Marvel's "Jessica Jones" Will Go "All the Way Dark," Promise Rosenberg & Loeb
Integrity in Comics Industry dead at 35 after a long illness; mourners asked to burn X-Men comics in lieu of sending flowers
Comics Should Be Good has just learned that all of the independent comic book companies associated with artistic integrity and the literary comic book movement (Fantagraphics, Drawn and Quarterly, Top Shelf, and Alternative Comics) are announcing officially that they have sold out and no longer care about pushing comics forwards.*
“Yeah, all we care about is cash now,” Gary Groth, Fantagraphics Impressario said in a press release. “All that artistic integrity stuff was fine and good when I was in the middle of a feud with Harlan Ellison, but now that that’s over, I’m tired of the charade. That’s why I feel confident in announcing that we’re cancelling all of our original, creator owned series and replacing them with 80s toy license comics,” a license which Fantagraphics purchased from IDW “for some bootleg copies of old Hammer horror films, a doodle R. Crumb did on a napkin, and one of the Hernandez Bros. cousins, Chuey, I think his name is,” Groth said.
“Look, I love Eightball, but Dan Clowes is just too slow in coming out with it, so we’re putting him on Bumblebee Adventures, giving him eight inkers, and making him follow Howard Mackie’s scripts to the letter. I mean, some Clowes is better than none, right,” Groth added.
“We’re having money for dinner,” Kim Thompson added enthusiastically, while running around wearing a pirate hat made of money and sporting his new diamond crusted teeth.
When asked what this would do to their series of classic reprints, Groth went on to say that “We will continue to publish Peanuts books, but we’ve decided to fire Seth as the cover designer and bring in some people with more mainstream flair. So, starting with the next volume, get ready for Michael Turner’s totally hot version of Lucy, Alex Ross’s majestic version of Charlie Brown, and a special hologram variant cover of Snoopy as the Red Baron!”
The other companies, who always just copy Fantagraphics anyway, quickly followed suit. I would quote them, but D&Q’s statement was in French, and CBSG has a strict Francophobia. I think they’ve got Adrian Tomine doing a Micronauts revival, except they’re all mopey and hang out in San Francisco or something. Top Shelf’s was mostly about how awesome it will be to have Jeffrey Brown drawing a How I Met Your Mother serial for their Giant Size CBS Monday Night Comedy Line Up anthology, which will also include a must read Alan Moore/Eddie Campbell version of Two and a Half Men where Charlie Sheen’s character is eaten by a snake and Jon Cryer talks about magik a lot. There’s also going to be an Owly/Dora the Explorer team up book for Burgas to hate. And, really, not even Alternative Comics cares what they’re doing, so I won’t bother telling you about how they somehow have Evan Dorkin writing an American Pie tie-in. I don’t know why either, but hey, it worked with Bill and Ted.
This development shockingly leaves Image Comics as the only comic book company committed to original, creator owned comics, without any licensed books.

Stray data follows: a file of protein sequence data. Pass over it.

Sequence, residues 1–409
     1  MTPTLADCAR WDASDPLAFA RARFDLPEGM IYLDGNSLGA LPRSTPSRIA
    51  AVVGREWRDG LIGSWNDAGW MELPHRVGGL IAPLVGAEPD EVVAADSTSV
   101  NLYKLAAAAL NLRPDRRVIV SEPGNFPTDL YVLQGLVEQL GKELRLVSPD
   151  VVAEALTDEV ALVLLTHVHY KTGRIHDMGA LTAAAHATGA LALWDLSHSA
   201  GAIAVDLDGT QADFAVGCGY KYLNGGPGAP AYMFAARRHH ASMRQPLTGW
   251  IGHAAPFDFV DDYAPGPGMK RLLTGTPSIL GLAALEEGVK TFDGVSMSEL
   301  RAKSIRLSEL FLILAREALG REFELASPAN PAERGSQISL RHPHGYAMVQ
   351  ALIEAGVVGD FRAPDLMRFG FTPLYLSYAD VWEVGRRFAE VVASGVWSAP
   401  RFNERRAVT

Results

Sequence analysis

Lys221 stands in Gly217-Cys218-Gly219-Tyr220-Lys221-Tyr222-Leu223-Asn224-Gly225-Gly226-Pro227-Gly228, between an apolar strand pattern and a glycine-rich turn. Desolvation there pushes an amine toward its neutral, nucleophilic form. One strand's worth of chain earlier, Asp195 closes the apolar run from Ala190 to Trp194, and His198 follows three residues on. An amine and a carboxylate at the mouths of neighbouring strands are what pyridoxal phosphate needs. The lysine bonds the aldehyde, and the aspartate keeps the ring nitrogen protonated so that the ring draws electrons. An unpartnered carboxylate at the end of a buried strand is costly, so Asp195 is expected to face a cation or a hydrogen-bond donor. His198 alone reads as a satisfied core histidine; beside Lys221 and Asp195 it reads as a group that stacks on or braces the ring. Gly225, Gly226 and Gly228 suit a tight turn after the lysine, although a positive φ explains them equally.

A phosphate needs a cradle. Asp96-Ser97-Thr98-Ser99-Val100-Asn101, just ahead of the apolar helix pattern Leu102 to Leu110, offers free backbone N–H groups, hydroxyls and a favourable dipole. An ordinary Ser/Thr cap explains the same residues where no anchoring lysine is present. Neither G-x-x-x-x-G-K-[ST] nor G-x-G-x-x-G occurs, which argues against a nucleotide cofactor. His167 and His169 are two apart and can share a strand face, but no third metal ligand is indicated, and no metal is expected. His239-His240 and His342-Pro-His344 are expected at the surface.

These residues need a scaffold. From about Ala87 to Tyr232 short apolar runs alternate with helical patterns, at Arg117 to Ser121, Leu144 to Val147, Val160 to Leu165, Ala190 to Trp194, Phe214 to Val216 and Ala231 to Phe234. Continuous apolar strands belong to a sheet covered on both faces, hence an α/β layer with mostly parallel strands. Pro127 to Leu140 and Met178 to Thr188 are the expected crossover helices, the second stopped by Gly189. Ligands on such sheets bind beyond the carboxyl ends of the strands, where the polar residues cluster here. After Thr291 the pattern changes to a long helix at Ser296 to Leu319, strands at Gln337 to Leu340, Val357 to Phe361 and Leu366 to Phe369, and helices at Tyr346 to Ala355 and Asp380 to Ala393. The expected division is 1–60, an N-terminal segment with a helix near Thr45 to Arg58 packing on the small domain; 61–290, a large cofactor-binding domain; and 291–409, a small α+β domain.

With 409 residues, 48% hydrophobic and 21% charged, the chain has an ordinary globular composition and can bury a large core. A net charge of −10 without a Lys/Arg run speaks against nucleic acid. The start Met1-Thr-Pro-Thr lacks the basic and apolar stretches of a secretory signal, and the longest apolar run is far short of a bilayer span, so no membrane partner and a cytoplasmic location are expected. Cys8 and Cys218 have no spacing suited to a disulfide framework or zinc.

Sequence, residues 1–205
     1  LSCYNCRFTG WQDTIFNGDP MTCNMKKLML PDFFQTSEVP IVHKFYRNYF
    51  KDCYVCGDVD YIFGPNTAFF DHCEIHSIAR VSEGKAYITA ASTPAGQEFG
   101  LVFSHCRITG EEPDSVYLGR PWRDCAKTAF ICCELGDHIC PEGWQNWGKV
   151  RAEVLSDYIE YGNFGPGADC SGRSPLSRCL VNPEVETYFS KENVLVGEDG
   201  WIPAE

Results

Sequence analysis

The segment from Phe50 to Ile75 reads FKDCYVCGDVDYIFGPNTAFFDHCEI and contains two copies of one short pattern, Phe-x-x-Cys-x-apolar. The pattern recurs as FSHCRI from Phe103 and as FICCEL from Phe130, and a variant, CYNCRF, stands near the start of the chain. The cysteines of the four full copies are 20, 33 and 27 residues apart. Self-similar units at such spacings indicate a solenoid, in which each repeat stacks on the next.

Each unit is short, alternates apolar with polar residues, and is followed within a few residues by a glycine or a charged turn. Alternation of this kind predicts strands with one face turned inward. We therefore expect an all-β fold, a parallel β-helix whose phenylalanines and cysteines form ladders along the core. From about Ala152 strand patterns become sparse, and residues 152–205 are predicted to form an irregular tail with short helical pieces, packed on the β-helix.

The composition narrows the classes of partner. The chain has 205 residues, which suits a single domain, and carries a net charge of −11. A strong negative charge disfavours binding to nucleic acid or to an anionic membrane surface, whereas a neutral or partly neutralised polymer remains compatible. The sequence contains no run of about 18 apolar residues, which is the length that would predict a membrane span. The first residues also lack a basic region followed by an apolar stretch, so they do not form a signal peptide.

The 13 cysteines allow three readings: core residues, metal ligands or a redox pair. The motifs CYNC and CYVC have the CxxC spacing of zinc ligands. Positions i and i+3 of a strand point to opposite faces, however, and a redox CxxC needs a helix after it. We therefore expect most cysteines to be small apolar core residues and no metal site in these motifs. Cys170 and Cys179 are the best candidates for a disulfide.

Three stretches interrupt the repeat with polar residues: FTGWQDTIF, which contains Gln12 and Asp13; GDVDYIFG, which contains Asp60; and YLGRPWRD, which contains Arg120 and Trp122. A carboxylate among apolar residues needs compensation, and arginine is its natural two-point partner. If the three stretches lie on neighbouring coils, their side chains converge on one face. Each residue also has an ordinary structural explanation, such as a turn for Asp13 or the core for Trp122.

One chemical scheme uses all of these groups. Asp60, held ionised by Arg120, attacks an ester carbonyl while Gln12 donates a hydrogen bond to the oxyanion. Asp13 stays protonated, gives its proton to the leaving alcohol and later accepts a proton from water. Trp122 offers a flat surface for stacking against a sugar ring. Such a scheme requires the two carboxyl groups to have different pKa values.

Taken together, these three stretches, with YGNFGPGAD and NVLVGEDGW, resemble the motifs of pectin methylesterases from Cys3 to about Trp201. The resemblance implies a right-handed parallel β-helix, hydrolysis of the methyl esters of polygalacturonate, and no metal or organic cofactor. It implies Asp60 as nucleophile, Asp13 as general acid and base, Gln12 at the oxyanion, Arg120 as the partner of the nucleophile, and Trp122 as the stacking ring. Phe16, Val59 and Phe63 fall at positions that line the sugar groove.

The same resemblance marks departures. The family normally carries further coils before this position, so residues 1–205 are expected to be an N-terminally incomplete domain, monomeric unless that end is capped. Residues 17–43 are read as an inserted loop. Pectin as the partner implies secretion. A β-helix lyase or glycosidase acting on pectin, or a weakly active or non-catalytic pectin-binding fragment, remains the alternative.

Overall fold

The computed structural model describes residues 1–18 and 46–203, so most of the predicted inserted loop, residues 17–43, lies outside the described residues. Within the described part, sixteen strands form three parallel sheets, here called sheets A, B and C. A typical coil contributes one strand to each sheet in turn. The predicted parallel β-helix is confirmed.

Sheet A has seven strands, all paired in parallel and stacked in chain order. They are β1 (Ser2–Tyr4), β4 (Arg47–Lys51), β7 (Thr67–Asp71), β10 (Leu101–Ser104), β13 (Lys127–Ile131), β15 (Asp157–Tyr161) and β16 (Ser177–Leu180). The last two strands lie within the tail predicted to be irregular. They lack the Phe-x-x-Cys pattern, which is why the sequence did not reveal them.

“We’re just as suprised as everyone else,” Image Publisher Erik Larson said.
Meanwhile, Boom! Studios’ new editor-in-chief Mark Waid was his usual staid self.
“I told you! I told you Fantagraphics were just as bad as the rest of the comic book industry! It only took 15 years after they finally canceled Amazing Heroes for me to be proven right! Kurt Busiek owes me ten dollars!”
Kurt Busiek declined comment, except to say that “Busiek wins; how hard is that to figure out, Waid?” before going off to try and make Superman tie in to Amazons Attack, 52, Countdown, Final Crisis, and, for some reason, Genesis.
Looking for reactions from the blogosphere was fruitless. Good comics retailing champion Alex Cox said he was too busy throwing gasoline all over his store, for some odd reason, to comment. Noted comics activist Alan David Doane, when asked for comment, said he was too busy trying to find some rope and a high tree to talk right now, but that we’d all be sorry. Joe Rice, of World of Awesome, took out his agression and sorrow on his class of adorable inner city students. He’s looking at 10 to life. Ed Cunard just disappeared in a flash of smoke. Dirk Deppey’s blog crashed from the irony. He was last seen heading towards the Mexican border with a crate of semi-automatic machine guns and enough whiskey to inebriate a horse. Tom Spurgeon has decided to become the world’s greatest journalist covering other niche artforms, like origami and airbrush van art. Milo George just didn’t care.
As an aside, Johannah Draper Carlson objected to the phallocentric, sexist, and misogynistic nature of the previous list of art comics friendly bloggers. But then again, she does that with every list, so that’s lost all meaning. She then went back to arguing with the When Fangirls Attacks lobby about whether or not it’s stupid to try to eliminate sexism in superhero comics.
In fact, the only blogger who could be reached for comment who might care was Dick Hyacinth, who said the following.
“My blog’s just going to be about Mixed Martial Arts and critical studies of Rob Liefeld comics now, I think.”
*Comics with a “-cs” not an “-x”, because I am not talking about underground comics and am not a dork. About this.
Comics Should Be Good accepts review copies. Anything sent to us will (for better or for worse) end up reviewed on the blog. See where to send the review copies.